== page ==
It has been nearly 18 years since Adnan Sami Khan relocated to India from Pakistan, in hopes of taking his music career further. And yet, the singer still seems to be receiving flack for his decision and frequently has to explain why.
“Mumbai has been my home for the past 18 years and I’m very comfortable there,” responded Adnan, when asked about it in a recent interview with BBC Urdu. “18 years is a long enough time to make connections with a city and its people. Mumbai, I would like to state, is very much my hometown.”
The Kabhi Tau Nazar Milao singer stands behind his decision to move, despite knowing he broke many hearts in doing so. “Well, you see, God made the world as one. All these borders that divide it were put there by man. I believe wherever you want to live is your prerogative and wherever I want to live is my prerogative; my personal choice,” added Adnan. “Thousands of people go to foreign countries to further their careers. Don’t our doctors go to the UK or the US? I am focused on South Asian music and Mumbai is the place to be for that.”
Adnan went on to relay the incidents which led to him to apply for an Indian passport. “My Pakistani passport was due for renewal but for some reason or the other, the process was being delayed,” revealed the composer. “I became stateless for some time. Then, the Indian authorities gave me a Permanent Residence Permit and eventually, I decided to apply for Indian citizenship too. And as you know, I had to denounce my Pakistani citizenship for that.”
He continued, “I wish the Pakistani people would look at the situation as a whole and try to understand it. My love and connection with Pakistan still holds true. The people are still very fond of me, as I am of them. It’s just that how I was treated by the Pakistani authorities back then left me with no other choice…”
Since then, Adnan has settled well into the Indian film circuit and is known to be close with Bollywood superstar Salman Khan in particular. But even so, he chooses to do limited work. “If you look at the last 30 years of my career, you’ll see that I’ve always been very selective,” he replied, when compares to the current it-kid of Bollywood music, singer Arijit Singh. “I have never wanted to become a music factory, you know?”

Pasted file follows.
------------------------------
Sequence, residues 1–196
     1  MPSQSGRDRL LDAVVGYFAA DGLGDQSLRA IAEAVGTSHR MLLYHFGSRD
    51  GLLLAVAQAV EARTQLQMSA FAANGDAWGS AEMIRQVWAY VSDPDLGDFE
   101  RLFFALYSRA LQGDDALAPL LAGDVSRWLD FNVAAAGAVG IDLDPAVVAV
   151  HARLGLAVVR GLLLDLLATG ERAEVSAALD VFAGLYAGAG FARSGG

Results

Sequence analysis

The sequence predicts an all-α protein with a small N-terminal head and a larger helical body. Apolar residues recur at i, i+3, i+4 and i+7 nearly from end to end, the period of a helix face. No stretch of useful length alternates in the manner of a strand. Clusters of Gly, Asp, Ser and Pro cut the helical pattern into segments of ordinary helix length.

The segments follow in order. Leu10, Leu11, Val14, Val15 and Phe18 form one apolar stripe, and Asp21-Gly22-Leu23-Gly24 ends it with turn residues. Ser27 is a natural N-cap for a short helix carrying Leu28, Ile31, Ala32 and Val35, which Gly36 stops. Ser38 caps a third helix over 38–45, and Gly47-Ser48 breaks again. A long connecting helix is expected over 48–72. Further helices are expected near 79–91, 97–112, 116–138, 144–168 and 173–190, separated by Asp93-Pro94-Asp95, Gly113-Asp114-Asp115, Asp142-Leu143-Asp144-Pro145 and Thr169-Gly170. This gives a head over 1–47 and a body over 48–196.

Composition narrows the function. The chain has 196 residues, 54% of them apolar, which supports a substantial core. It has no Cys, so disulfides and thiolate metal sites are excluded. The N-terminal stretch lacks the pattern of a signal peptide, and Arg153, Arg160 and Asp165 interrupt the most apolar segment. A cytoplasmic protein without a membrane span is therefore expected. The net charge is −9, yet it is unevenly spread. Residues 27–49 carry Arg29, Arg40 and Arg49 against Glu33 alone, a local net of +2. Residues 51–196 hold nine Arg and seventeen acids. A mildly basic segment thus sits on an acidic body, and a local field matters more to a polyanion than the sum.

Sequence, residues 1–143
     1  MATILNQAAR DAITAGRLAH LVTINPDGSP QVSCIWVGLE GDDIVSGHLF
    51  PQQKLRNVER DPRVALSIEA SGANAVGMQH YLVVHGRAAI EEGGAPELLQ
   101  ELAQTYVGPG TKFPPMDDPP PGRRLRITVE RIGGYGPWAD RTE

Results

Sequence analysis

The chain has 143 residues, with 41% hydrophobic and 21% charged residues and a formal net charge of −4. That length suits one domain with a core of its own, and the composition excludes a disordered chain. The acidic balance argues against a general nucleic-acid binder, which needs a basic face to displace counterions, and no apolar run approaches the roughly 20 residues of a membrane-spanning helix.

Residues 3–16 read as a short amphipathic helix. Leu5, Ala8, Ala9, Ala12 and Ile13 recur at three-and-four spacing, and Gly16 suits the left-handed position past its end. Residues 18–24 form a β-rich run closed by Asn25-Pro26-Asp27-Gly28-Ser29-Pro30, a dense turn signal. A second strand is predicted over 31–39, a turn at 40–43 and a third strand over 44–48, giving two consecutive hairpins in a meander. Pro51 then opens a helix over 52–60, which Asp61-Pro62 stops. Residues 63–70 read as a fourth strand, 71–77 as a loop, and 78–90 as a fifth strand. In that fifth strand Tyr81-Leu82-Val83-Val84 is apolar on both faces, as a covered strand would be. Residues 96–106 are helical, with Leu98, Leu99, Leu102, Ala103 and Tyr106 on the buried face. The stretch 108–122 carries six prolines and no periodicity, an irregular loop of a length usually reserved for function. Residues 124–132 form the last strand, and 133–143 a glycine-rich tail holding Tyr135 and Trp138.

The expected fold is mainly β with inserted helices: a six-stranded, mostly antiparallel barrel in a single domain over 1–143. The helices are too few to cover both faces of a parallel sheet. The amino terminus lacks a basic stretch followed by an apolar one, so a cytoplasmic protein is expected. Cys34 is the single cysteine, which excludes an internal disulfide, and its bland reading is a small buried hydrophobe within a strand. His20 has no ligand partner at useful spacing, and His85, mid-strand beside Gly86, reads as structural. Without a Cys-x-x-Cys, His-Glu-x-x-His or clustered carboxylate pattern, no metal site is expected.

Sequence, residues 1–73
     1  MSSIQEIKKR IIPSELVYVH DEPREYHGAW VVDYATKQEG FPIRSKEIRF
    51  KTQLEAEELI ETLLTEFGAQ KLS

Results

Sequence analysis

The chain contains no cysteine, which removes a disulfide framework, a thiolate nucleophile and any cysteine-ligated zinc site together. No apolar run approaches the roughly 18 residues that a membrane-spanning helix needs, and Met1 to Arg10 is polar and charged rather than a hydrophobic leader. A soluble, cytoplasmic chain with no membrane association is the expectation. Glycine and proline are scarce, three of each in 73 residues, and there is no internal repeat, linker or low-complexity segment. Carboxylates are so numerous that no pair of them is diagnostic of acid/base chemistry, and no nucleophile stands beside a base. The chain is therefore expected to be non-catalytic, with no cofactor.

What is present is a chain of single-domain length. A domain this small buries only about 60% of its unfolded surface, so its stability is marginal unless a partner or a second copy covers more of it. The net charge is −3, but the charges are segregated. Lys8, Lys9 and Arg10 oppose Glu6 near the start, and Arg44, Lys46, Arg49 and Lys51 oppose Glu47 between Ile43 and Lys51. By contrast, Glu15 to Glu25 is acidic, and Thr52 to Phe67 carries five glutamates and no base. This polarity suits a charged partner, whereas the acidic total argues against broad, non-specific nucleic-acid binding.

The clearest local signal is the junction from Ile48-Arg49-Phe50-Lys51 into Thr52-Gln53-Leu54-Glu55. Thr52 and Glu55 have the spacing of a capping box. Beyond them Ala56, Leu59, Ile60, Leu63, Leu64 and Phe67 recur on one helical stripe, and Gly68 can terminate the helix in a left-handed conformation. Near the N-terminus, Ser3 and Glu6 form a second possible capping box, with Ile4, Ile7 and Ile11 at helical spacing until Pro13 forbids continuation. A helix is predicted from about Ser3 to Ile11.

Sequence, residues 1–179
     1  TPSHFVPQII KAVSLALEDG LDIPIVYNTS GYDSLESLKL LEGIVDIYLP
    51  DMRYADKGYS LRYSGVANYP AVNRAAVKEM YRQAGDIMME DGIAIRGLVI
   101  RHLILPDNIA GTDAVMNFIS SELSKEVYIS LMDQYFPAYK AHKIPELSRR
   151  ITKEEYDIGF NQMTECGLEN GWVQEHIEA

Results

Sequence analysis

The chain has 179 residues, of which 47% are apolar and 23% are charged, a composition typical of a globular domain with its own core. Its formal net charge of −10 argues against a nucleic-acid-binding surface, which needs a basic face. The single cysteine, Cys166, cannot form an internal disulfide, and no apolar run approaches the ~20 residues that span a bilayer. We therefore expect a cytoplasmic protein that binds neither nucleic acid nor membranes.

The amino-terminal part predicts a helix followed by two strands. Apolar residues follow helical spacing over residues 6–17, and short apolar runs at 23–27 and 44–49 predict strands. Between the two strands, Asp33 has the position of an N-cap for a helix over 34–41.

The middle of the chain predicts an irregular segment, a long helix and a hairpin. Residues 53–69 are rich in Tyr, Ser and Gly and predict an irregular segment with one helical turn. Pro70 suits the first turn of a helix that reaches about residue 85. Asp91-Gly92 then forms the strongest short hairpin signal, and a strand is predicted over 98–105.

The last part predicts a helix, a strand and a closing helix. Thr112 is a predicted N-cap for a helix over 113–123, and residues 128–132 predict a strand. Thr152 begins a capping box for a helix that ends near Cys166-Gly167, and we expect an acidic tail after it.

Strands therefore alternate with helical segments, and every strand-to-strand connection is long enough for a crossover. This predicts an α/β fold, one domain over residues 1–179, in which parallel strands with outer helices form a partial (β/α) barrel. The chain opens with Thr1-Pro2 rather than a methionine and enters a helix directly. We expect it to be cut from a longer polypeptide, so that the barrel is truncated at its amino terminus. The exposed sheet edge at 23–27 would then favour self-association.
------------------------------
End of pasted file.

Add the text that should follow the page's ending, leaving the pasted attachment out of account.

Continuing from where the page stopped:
Adnan makes sure to keep tabs on the Pakistani music, even from across the border. “I think what Rohail Hyatt did on Coke Studio was remarkable! And when I heard Farida Khanum’s performance on the show, I started crying! I had to call her up to convey my emotions.”
With songs such as Ae Khuda Ae Khuda, Bhar Do Jholi and Noor-e-Khuda amongst some of his most beloved hits, it’s hardly surprising that Adnan connects with music on a spiritual level. “I think everyone has their own way of expressing whatever they believe in – music is just one of those. It’s a language on its own,” he stated. Commenting on the influence of Sufism in his work, he confessed, “When people tell me my talent is ‘God-gifted,’ I always think, ‘Yes, but would God give me a talent he did not like Himself?’ He has gifted me music and with that, I would live to praise Him back. It’s my way of speaking him. Sometimes it’s serious, like in Noor-e-Khuda. Other times, it’s not so serious, like in Lift Karade.”
Another recurring feature of Adnan’s music is romance, as seen in songs such as Bheegi Bheegi Raaton Mein. And while many would label him as having been unlucky in love considering he has been married thrice, the singer’s faith has not been broken. “Well, things happen, you know. When you’re going through a troubled relationship, you feel a lot of pain but eventually, with time, you move on,” he responded, when asked about his first marriage to renowned Pakistani actor Zeba Bakhtiar. “I will always respect Zeba for she was a great part of my life and is the mother of my son. Life is too short to hold grudges, I truly wish her the very best.”
Adnan is currently married to the Afghan-German Roya, whom he met in 2010 and proposed to soon after. “Sometimes, I wonder what I did right in my life to have received great gift like Roya. She just came out of nowhere, with no connection to me or my work. We happened to meet on a project and things just sort of fell into place,” he shared. “I had been broken over my father’s death for a long time. Roya put me back together.”
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